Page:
Nursery School

It wasn’t until I was on the other side of the healthcare system that I allowed myself to be vulnerable in front of a nurse.  Typically as a resident, I strove to earn nurses’ respect with my clinical competency and polite manners, peppered with a little deference.  Most nurses have been doing their jobs for years when I walked onto their units for a few weeks and tried to pretend that I knew what I was doing.   Regardless, I would never have admitted to any of these nurses that I was insecure with my own station, until N was in the NICU.  For the first 10 days of his life, the day and night shift nurses of the NICU were his second moms.  They not only helped change, feed, burp, and bathe him, but they taught me these basics of infant care, at which most teenage girls who babysit are proficient.  They didn’t ask or care if I already knew how to do these things because, although they knew I was a resident, they also knew thatImage I was a first-time mom.  They assumed that I either had no clue or that their way was better and they were right on both accounts.

While the Neonatologists that took care of N were amazing and still inspire awe in me, the nurses were the ones who cared for my spirit.  When I cried, they put up a privacy screen.  When I looked frightened, they gave me reassurance.  When I needed sleep, they insisted upon it.  And when I needed the wisdom of someone who had gone through this a million times before, they gave it.  Those 10 days were the most intensive parenting class my husband and I could have asked for and at the end of it we wondered how other parents were able to be discharged after only 2-3 days in the hospital.  When one of our favorite nurses walked us to the front door of the hospital on Day 11, we felt well equipped with all of the tools she had given us.

Months later at a NICU reunion, we eagerly ran around looking for each of N’s nurses.  The few we found seemed excited to see him, but likely didn’t actually remember his short and relatively uneventful 10 day stay despite the enormous impression it made on us.  As a physician, this experience taught me much about the impact that a good nurse makes on a family.  The skills these nurses taught us were as vital as the medical treatment he was prescribed.  As a mom, I am grateful that his nurses allowed me to be vulnerable and to be that first-time mom and not a pediatric resident.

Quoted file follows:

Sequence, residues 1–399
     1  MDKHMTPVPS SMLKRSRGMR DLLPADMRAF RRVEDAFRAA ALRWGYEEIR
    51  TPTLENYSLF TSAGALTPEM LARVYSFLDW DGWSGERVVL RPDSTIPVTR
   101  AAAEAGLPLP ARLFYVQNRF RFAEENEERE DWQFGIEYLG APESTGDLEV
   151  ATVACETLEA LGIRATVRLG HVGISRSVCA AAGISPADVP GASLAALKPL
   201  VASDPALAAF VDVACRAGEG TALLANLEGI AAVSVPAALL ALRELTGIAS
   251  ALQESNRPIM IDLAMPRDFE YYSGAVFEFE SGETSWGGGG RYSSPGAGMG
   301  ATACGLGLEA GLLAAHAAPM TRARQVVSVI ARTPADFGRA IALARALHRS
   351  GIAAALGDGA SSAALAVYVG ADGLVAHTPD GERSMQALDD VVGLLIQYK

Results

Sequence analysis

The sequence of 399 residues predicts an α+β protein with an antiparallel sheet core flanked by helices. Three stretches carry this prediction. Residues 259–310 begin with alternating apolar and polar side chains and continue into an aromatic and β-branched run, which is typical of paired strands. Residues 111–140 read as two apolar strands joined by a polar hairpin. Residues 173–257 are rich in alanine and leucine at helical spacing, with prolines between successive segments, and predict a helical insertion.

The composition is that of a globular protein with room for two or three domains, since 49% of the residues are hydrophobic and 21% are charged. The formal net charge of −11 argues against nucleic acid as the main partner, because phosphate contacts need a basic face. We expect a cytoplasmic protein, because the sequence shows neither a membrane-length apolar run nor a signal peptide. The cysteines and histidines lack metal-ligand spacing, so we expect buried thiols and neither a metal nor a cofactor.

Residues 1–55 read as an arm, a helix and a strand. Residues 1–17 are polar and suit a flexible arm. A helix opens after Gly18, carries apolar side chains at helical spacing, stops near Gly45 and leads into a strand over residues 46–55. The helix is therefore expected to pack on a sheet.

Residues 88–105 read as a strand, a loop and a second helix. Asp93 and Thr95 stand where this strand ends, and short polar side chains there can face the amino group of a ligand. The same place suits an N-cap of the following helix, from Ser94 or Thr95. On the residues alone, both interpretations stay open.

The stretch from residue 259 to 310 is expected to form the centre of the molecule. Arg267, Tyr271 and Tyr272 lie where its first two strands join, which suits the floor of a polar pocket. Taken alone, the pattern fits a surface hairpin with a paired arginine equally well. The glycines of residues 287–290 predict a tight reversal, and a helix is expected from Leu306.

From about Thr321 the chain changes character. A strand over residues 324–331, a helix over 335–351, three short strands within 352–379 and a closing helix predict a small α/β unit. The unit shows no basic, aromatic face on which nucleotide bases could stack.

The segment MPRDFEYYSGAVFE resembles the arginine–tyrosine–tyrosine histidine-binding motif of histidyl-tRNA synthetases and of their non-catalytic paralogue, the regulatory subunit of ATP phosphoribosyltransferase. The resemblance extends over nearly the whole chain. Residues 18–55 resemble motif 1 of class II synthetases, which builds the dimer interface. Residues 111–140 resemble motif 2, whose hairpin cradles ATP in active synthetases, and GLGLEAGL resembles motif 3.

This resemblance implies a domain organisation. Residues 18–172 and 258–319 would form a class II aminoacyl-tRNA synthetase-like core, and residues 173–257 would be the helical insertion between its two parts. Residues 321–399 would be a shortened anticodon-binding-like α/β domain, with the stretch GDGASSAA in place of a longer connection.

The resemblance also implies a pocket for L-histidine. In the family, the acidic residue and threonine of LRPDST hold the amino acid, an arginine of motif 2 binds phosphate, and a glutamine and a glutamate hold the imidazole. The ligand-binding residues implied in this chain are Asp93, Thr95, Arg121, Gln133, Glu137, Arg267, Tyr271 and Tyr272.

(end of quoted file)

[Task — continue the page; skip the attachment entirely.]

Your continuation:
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  1. Thank you Katie, so wonderful of you to give credit where credit is due, so often people neglect to mention nurses and their importance to the well being of the patient. They truly are angels.

  2. When I was in nursing school, my professor talked about “the view from the pillow” and how important it is to see the healthcare experience from the other side. Being a patient (at 19 I had my thyroid removed) taught me to be a better, more empathetic nurse than any top notch education could have and I’m sure your experience will make you a better healthcare provider. Love your blog!!

    1. Thanks! I appreciate your comments, as a nurse and a mommy! I like your professor’s “view from the pillow” teaching. Being a patient definitely gives healthcare providers a whole new perspective! I was hospitalized as a child and that’s why I decided to become a pediatrician.

  3. I’m so glad you had a positive experience with your NICU nurses. When I was an oncology/surgical inpatient nurse, as much as bedside care was often so exhausting, it was uplifting to always have the opportunity to make it not about the task at hand but about the person and the family you are doing it for. It feels like a privilege to move within these intimate spaces with families and their loved ones. Even though to many it may seem like the nurse is the one giving care, you always receive something back. There is something to be learned or understood about even the most difficult of patients or situations.

    Caring for the ill in a holistic way is also a poignant reminder that It could be YOUR mother, grandmother/father etc needing care. There is always a reason to give as freely as you possibly can of yourself, even when you don’t think you have much left in you. Witnessing this intimacy and constant presence nurses had with families back in college when I volunteered in a pediatric ward played a major part in convincing me to go into nursing rather than doctoring.

    It cracks me up that you admit you tried not to show your ‘green’ to nurses as a resident–I’m sure they knew anyway! 🙂 Although I’m sure you were NOT one of the cocky, belligerent ones (now we really don’t like those, and naturally will not go out of our way to be helpful in that case!)

    1. Lauren and Rae, I appreciate your responses as nurses! @Rae– I’m not going to lie that all nurse-resident relationships are great. But no, I was never cocky or belligerent, I promise! Nurses are a doctor’s best ally.

      1. Yup I agree with you, not all md-rn relationships are great–but when they are, better patient care happens and people are generally much happier! For my part I mostly really enjoyed working with residents, with just occasional exceptions.

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